By contrast, Eliot, a full-time bank employee during the day, an editor at night, and a nurse in whatever time remained, was doing little writing, leaving him with a regret that in the letters becomes a refrain: “I have written nothing whatsoever for three years and I do not see any immediate likelihood of my writing. The writing of poetry takes time and I never have any time.”

In February 1926, one of Vivien’s physicians, Dr. Raymond Miller, wrote to Eliot of his regret that the couple had made “the circles of your lives too coincident.” It was a legitimate concern. Between Hamlet and Ophelia, on the one hand, and F. Scott and Zelda Fitzgerald, on the other, Thomas Stearns and Vivien Eliot insert themselves into our literary history as a couple beset by incipient madness. Evidence of the madness is scattered throughout the letters—ending with a note Vivien wrote from a nursing home to Eliot’s maid, now imagined as her last and best friend, asking that the latter intervene to help gain her release from what was, in truth, a form of incarceration: “Here is a copy of Mr. Eliot’s letter to me, which has just this moment arrived. This is the answer to two of mine which were long letters and most affectionate and in which I begged him to have me home for Xmas. So now you can see for yourself. Is this like the Mr. Eliot you used to know?”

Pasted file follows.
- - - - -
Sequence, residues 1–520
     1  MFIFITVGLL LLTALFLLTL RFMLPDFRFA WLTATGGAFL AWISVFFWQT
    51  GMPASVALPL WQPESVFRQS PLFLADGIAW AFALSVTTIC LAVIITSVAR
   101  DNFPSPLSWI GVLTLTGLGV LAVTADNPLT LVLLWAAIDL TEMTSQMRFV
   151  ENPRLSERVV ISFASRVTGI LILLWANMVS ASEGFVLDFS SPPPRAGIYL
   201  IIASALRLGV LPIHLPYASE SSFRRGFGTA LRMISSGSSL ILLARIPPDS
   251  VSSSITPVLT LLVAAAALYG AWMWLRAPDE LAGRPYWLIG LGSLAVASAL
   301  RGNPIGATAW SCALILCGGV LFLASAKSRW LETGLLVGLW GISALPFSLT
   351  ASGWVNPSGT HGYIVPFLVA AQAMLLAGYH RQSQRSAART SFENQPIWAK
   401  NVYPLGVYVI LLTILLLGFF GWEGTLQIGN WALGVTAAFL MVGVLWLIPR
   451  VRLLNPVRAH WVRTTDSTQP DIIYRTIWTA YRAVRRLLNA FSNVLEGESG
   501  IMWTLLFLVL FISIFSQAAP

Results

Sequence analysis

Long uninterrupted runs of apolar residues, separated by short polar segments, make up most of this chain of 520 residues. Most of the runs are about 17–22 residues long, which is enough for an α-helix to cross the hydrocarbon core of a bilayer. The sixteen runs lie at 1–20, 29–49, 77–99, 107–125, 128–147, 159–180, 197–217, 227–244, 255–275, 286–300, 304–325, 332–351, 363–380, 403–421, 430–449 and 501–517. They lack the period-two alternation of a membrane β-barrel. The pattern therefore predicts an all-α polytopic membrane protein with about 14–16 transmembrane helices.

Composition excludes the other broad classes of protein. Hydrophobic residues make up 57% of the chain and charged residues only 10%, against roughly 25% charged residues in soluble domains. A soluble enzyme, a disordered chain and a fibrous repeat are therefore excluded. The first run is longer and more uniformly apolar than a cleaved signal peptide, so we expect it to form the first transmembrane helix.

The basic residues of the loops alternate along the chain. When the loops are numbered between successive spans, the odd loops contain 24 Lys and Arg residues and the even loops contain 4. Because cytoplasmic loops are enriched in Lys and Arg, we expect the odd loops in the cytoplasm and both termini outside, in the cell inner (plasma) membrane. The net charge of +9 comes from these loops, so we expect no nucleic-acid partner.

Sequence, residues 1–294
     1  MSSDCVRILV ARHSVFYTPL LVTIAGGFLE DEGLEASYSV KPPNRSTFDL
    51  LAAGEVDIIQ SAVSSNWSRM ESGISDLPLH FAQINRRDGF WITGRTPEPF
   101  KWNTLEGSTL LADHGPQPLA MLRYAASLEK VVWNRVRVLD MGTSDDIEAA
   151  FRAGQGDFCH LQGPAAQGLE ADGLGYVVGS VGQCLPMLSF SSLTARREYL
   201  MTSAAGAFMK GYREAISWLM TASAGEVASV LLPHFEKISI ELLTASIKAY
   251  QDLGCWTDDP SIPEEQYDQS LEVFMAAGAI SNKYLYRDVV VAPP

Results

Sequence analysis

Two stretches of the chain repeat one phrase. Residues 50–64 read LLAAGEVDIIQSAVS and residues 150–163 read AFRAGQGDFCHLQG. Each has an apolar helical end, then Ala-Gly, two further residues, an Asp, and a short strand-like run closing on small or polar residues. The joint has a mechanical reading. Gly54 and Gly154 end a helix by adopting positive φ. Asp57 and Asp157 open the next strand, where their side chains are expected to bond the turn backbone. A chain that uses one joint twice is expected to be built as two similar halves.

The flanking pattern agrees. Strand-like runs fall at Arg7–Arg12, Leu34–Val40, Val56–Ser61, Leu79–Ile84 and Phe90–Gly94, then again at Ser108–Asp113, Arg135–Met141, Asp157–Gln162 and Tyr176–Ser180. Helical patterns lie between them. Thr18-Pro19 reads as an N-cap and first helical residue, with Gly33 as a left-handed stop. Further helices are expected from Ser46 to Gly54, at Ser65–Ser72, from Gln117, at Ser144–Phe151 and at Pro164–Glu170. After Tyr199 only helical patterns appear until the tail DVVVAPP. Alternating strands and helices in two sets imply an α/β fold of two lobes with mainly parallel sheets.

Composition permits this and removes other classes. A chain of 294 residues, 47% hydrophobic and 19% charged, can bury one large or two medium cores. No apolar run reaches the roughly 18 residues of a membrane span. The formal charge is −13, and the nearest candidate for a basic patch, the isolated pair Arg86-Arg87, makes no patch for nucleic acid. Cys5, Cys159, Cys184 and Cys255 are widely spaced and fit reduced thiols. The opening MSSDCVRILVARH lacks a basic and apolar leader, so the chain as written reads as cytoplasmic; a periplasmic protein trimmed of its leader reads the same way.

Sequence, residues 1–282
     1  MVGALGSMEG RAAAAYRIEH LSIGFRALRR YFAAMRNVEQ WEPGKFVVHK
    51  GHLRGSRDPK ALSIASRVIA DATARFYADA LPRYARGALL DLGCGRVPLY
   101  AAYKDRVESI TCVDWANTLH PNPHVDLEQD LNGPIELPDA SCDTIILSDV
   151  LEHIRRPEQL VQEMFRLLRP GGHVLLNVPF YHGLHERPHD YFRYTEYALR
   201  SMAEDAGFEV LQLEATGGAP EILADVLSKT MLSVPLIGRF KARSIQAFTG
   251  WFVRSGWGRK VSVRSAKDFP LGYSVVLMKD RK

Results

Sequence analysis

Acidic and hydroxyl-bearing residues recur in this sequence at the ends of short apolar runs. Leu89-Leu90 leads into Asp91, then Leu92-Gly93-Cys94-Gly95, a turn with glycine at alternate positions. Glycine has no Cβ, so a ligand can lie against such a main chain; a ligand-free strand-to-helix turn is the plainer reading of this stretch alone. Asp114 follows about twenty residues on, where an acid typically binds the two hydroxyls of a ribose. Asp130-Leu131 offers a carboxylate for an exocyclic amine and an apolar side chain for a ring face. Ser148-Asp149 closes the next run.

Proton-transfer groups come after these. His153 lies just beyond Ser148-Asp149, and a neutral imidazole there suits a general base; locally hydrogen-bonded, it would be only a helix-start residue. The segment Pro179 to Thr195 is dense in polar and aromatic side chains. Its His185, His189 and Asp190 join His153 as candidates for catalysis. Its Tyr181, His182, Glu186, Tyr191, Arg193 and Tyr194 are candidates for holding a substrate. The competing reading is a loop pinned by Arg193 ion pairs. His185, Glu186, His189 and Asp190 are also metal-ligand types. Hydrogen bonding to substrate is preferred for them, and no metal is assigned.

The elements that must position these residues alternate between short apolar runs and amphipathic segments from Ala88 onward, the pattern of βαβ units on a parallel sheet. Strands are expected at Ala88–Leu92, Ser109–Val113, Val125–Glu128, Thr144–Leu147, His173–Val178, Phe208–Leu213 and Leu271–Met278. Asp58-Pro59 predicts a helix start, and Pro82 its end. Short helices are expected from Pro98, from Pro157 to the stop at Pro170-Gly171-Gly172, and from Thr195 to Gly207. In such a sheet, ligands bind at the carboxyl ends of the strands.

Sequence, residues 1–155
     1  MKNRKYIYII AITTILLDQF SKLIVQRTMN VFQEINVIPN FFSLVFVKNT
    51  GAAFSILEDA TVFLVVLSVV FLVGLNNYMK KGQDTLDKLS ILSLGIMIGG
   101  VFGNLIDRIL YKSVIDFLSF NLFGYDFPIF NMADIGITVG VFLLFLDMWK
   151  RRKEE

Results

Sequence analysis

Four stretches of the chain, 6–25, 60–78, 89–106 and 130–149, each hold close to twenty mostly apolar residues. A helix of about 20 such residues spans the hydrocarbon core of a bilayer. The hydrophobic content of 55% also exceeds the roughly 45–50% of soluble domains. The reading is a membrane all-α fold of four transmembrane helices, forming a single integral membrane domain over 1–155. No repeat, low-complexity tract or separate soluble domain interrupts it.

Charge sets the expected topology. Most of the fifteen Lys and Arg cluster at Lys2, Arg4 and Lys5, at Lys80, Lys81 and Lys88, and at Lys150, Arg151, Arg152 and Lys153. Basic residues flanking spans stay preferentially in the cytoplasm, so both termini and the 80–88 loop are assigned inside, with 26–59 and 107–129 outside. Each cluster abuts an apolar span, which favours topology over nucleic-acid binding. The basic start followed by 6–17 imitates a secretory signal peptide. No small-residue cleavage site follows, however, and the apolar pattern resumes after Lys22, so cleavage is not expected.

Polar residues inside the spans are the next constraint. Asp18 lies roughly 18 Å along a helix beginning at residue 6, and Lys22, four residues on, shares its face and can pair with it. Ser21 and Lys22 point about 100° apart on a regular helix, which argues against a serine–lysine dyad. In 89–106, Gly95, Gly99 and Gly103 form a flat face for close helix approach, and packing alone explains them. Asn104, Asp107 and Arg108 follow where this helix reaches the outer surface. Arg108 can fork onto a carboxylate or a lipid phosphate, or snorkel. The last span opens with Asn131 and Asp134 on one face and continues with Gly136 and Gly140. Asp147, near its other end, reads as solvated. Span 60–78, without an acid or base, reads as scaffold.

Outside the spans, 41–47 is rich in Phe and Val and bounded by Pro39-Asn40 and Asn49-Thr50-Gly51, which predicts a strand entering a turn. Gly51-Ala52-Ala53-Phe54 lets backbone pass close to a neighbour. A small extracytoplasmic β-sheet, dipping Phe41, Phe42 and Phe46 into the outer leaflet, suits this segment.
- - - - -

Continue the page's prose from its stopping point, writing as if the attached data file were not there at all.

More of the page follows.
The fact is, it was not: the Eliot we meet in the second volume is a man whose goodness has been worn down. To read Eliot’s letter to Marianne Moore, who had graciously written to say that the Dial could not publish Vivien’s short story, is to be taken aback. Threatening revenge, Eliot wrote:

I have hitherto praised your work both in America and here, without reserve, especially here: where the literary public sees in it no merit whatever. I have championed you in the face of derision and indifference, and I had the right to expect better treatment from you. In future, I shall take a different course, and I intend to see that justice is done and the balance righted.

Understanding and generous, Moore forgave Eliot this willfulness; and most readers, viewing the extraordinary pressures the man lived under, will do much the same. Eliot was not a perfect man, perhaps not even an altogether good one, though Virginia Woolf, who knew him well, inclined toward seeing him this way: “good, sensitive, honourable man as he is.”

The newly published volume, along with the newly expanded first volume, includes not only Eliot’s letters but also relevant letters and diary entries from others (wife, mother, brother, friends, et al.). The correspondence addresses not only matters of personal stress and rupture, but also culture, politics, religion, and lived history. Meticulously edited by Valerie Eliot (the poet’s second wife) and Hugh Haughton, under the general editorship of John Haffenden, this new volume of letters shows Eliot going through tumultuous challenges and hardships. The letters strengthen our sense of the poetry’s authenticity, speaking as it does from a point where few of us would venture: “I think we are in rats’ alley / Where the dead men lost their bones....”

Published in the 2012-07-13 issue: 

Christopher J. Knight is a professor of English at the University of Montana. His most recent book is Omissions Are Not Accidents: Modern Apophaticism from Henry James to Jacques Derrida (University of Toronto Press, 2010).